After playing in front of a pair of buzzing home environments in the Stanley Cup final, the Lightning’s path to a second straight Cup title shifts Friday from Tampa to smaller crowds in Montreal.
Amalie Arena hosted almost 16,000 fans in Game 1, and its capacity swelled to an announced 17,166 for Wednesday’s Game 2. Montreal’s Bell Centre will remain limited to 3,500 because of tighter coronavirus restrictions.
Does the attendance disparity create a home-ice advantage for the Lightning?
Not a significant one, sports betting experts say.
“I don’t think it’s a factor at all,” said Bill Speros, a senior producer for bookies.com.
Adam Burns agrees. As the sportsbook manager for the offshore site betonline.ag, Burns has monitored the effects of homefield advantage across sports during the coronavirus pandemic, first as games resumed without fans and then as crowds returned differently in different regions.
The only change Burns noticed was an uptick in underdogs winning UFC fights without fans, something that might have been a coincidence or based on specific matchups more than the empty seats. For every other major sport, Burns didn’t spot any significant trends.
“We’ve held the line,” Burns said.
That doesn’t mean a home advantage isn’t real, at least for some. Lightning forward Yanni Gourde said the crowd’s energy for Game 1 of the Cup final created an immediate push.
“We were flying because of them,” Gourde said.
Home teams have other edges beyond fan support. Athletes don’t have to deal with planes or hotel beds when they’re playing at home. They’re more comfortable in their familiar locker room and understand the arena’s quirks better.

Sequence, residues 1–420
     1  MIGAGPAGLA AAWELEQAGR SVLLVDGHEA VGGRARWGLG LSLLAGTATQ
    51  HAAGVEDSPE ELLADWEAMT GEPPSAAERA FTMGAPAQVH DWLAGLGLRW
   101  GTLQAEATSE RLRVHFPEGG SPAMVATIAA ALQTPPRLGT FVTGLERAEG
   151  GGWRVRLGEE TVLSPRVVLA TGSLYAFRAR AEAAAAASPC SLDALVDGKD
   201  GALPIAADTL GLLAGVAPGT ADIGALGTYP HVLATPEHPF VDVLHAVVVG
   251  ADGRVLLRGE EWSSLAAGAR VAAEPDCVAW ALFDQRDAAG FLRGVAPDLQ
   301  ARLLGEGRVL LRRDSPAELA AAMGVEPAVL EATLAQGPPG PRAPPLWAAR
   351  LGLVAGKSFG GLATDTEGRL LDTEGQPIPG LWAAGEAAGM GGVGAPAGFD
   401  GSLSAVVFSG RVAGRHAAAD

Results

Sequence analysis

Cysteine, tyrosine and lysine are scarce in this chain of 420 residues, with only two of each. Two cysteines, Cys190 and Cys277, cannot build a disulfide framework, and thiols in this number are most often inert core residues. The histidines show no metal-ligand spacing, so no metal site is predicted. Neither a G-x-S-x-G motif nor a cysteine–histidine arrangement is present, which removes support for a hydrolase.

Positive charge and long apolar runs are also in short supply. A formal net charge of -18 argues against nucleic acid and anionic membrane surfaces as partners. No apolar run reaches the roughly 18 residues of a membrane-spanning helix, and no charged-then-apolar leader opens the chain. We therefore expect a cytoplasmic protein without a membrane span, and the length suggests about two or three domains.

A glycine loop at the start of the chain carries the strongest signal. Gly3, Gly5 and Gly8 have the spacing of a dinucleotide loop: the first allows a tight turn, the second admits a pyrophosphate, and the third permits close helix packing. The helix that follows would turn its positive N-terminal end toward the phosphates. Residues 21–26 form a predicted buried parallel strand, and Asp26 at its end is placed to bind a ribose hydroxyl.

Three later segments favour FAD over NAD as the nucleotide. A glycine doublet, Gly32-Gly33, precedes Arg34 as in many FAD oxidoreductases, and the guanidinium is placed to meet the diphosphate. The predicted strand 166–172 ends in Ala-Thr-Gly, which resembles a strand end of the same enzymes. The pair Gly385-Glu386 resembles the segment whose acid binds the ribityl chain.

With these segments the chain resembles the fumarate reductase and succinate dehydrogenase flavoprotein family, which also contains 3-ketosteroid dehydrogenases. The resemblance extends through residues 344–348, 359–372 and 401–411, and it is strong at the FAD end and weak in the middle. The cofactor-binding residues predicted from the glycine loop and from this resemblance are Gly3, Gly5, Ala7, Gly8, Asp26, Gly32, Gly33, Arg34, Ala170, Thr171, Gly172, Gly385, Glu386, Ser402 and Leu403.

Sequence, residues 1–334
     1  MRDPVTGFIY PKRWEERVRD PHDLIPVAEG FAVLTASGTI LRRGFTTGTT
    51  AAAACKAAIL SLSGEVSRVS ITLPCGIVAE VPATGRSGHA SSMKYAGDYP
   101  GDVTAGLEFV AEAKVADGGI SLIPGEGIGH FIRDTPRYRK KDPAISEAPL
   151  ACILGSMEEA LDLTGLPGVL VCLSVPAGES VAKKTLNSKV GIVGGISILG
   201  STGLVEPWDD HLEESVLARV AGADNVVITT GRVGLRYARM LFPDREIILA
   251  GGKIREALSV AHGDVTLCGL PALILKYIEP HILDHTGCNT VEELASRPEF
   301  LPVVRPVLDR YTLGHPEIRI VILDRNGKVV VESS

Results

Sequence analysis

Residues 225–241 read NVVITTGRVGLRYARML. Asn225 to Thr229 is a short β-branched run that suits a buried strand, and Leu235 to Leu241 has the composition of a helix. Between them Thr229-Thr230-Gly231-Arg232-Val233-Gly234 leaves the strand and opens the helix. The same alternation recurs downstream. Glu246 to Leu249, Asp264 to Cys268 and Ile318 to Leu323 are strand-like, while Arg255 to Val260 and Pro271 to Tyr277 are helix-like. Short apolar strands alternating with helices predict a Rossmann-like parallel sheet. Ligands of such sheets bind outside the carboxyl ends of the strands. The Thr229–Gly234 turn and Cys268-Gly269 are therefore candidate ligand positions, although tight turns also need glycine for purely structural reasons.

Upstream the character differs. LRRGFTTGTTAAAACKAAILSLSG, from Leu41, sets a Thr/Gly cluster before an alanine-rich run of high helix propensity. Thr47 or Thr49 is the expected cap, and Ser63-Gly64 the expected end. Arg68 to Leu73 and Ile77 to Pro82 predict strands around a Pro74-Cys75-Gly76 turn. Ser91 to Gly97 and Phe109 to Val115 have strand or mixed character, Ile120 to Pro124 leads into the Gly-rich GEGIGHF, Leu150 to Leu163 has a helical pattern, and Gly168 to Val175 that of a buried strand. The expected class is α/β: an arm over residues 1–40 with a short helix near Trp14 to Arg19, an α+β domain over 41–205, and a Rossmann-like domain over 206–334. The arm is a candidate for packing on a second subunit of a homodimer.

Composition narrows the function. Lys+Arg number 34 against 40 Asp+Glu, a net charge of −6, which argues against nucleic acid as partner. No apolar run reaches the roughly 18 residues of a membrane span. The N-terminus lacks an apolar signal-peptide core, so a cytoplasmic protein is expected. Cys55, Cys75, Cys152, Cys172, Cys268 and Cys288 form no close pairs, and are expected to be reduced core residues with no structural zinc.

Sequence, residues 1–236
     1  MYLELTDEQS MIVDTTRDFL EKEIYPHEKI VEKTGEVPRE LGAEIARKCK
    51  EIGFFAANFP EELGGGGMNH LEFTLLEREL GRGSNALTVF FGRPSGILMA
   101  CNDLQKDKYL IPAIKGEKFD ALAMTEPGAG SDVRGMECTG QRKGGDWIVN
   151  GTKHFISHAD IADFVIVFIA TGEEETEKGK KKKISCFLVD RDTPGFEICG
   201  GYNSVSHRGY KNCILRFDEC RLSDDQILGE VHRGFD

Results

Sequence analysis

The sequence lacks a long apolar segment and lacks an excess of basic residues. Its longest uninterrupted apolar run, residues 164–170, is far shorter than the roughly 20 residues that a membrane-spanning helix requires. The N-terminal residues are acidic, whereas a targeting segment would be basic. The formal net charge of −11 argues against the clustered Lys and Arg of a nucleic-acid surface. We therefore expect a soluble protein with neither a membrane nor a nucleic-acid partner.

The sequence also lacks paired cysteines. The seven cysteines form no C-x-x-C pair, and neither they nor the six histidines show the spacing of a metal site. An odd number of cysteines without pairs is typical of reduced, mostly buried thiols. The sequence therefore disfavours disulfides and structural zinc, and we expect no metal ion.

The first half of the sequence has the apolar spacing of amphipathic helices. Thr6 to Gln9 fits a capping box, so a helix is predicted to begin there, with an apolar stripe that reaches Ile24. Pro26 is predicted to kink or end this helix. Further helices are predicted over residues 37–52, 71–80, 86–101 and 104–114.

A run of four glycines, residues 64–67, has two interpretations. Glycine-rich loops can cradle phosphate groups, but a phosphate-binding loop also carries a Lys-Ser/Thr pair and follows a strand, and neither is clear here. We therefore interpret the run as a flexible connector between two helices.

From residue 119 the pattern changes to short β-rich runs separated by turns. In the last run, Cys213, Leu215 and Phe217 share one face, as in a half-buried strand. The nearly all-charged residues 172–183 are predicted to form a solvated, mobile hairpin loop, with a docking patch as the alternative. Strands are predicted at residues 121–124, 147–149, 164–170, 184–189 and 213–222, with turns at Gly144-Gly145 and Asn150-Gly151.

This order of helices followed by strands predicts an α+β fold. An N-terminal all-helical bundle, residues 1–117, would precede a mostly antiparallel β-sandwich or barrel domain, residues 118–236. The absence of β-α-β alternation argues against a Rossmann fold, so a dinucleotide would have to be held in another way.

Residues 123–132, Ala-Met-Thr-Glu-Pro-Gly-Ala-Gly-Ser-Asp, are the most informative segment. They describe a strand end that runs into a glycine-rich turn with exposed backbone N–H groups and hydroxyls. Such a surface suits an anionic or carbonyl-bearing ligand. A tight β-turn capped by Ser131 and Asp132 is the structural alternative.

In hockey, the home team gets a decided tactical advantage. The visiting team must put its players on the ice first, so the home team can counter with a specific matchup based on the opposing line and defensive pairing. That personnel edge can be more significant than an extra jolt of adrenaline players receive by playing in front of a raucous home crowd.
In its six-game league semifinal win against Vegas, Montreal had the same 2-1 record at home in front of 3,500 fans as it did in Las Vegas in front of capacity crowds of almost 18,000. The Canadiens outscored the Golden Knights 8-7 on the road and 7-6 at home.
Regardless of whether Montreal hosts 3,500 or 10,500 fans (the Canadiens’ rejected proposal), Burns doesn’t see the line changing; the Lightning will still be favored.
Before the series began, the Canadiens’ odds were around plus-240, meaning a $100 bet wins $240. After the Lightning’s lopsided 5-1 win in the series opener, Montreal’s odds moved to around plus-430 (where a $100 bet wins $430).
“I would say that at plus-430, maybe plus-429 has nothing to do with the crowd size in Montreal,” Speros said, “and everything to do with the fact that they got smoked the other night and appeared to have no offense whatsoever.”
If you’re looking for a better home-road trend to watch this series, Speros has another idea: Each of the past five Stanley Cup champions clinched the title away from home (including Tampa Bay’s triumph in the Canadian bubble last year). The last team to buck that trend? The 2015 Blackhawks, who clinched the Cup at home against the Lightning.
Times staff writer Mari Faiello contributed to this report.
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